You saw the options pricing going into earnings and, if you've been visiting the blog over the years you may also have the old-timey Brit nature show narrator on the soundtrack.
As the lions approach the wildebeest: "Sadly now, there can be but one outcome."
The straddle writers being the lions and the speculators being the wildebeest. The writers hedge in the equity so they at least pick up the vig but the absolute best outcome for them is a stock price close to unchanged and near a strike price. Early after-hours action: $302.75 up $1.60. Why waste the pixels?
Maybe more tomorrow but now a real Zuckster.
From The Atlantic May 1:
Mark Zuckerberg Doesn’t Understand Journalism
Either that, or he doesn’t care.
Mark Zuckerberg wants you to know that he cares, really cares, about journalism.
“I view our responsibility in news as two things,” he said in a wide-ranging conversation with a small group of news editors and executives assembled in Palo Alto for a journalism gathering known as Off the Record on Tuesday afternoon. “One is making sure people can get trustworthy news.”
The other, he said, “is building common ground in society.” It turns out that “common ground” is suddenly Zuckerberg’s preferred euphemism. (That, and “community.”)
“You’re not going to be able to bridge common ground,” he said, unless you have a “common set of facts so that you can at least have a coherent debate.”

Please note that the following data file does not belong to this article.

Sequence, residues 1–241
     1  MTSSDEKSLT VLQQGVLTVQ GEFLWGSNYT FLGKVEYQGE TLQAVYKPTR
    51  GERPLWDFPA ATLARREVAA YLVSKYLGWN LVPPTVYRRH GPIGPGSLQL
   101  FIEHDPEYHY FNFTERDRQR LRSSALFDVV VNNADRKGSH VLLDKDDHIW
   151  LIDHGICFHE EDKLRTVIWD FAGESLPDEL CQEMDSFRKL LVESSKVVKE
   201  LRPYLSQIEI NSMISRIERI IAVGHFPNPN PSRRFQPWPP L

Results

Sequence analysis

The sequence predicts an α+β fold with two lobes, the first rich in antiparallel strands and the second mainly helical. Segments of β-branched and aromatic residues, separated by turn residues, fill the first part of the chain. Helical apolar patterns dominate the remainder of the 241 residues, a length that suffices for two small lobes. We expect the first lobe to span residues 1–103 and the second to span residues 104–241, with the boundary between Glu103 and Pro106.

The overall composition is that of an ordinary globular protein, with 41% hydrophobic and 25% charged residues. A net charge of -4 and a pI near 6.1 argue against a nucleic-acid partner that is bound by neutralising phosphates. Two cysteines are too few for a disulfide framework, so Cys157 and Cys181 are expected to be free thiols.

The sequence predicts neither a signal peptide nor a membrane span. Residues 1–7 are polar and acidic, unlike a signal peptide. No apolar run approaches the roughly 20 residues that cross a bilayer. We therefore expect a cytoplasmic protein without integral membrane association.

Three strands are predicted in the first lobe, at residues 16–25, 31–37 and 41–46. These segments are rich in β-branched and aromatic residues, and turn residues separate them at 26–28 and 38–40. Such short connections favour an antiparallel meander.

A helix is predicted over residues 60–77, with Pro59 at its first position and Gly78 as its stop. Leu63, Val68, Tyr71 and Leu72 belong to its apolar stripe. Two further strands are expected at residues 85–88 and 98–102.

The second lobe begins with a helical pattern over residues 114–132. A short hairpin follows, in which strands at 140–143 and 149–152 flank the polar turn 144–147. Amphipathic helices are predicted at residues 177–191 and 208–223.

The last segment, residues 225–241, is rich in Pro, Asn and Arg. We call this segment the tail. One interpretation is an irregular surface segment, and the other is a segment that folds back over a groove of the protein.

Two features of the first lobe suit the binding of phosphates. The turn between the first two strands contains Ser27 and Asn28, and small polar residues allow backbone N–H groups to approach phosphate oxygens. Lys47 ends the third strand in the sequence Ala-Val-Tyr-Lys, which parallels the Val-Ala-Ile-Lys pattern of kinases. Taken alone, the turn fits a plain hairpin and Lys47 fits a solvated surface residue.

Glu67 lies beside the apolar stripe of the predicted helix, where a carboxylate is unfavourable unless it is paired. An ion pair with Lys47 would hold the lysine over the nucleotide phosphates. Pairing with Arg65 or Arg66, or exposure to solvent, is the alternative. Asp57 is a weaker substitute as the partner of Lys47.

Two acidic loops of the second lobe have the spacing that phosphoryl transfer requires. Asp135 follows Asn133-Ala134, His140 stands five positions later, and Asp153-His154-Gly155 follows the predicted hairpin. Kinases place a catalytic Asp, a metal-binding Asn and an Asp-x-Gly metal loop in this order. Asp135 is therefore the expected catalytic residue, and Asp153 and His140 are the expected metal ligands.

And here’s where the contradictions flood in.
Zuckerberg runs a media company that distributes news, but doesn’t have a proper newsroom. He runs a media company that has—with Google’s help—dominated the vast majority of digital ad dollars and eviscerated the journalism industry’s business model, all while preaching about the importance of journalism. He runs a media company that, he says, believes deeply in the need to sustain independent journalism, but won’t pay publishers to license journalistic content. And he runs a media company that has decided to show its users less news from professional outlets—it’s really not what people want to see, he says—in favor of more individual opinions.
According to Zuckerberg, the way you find common ground—a common set of facts—is not through professional news outlets, but via individuals. And Facebook, with its 2 billion or so users, has plenty of them. But while Zuckerberg said Facebook is now ranking news outlets by trustworthiness—in person, he didn’t seem to distinguish among the quality of opinions.
“I do think that in general, within a news organization, there is an opinion,” he said. “I do think that a lot of what you all do, is have an opinion and have a view.”...MORE
"CEO Mark Zuckerberg Says Facebook Will Rank News Outlets By Trustworthiness" (FB)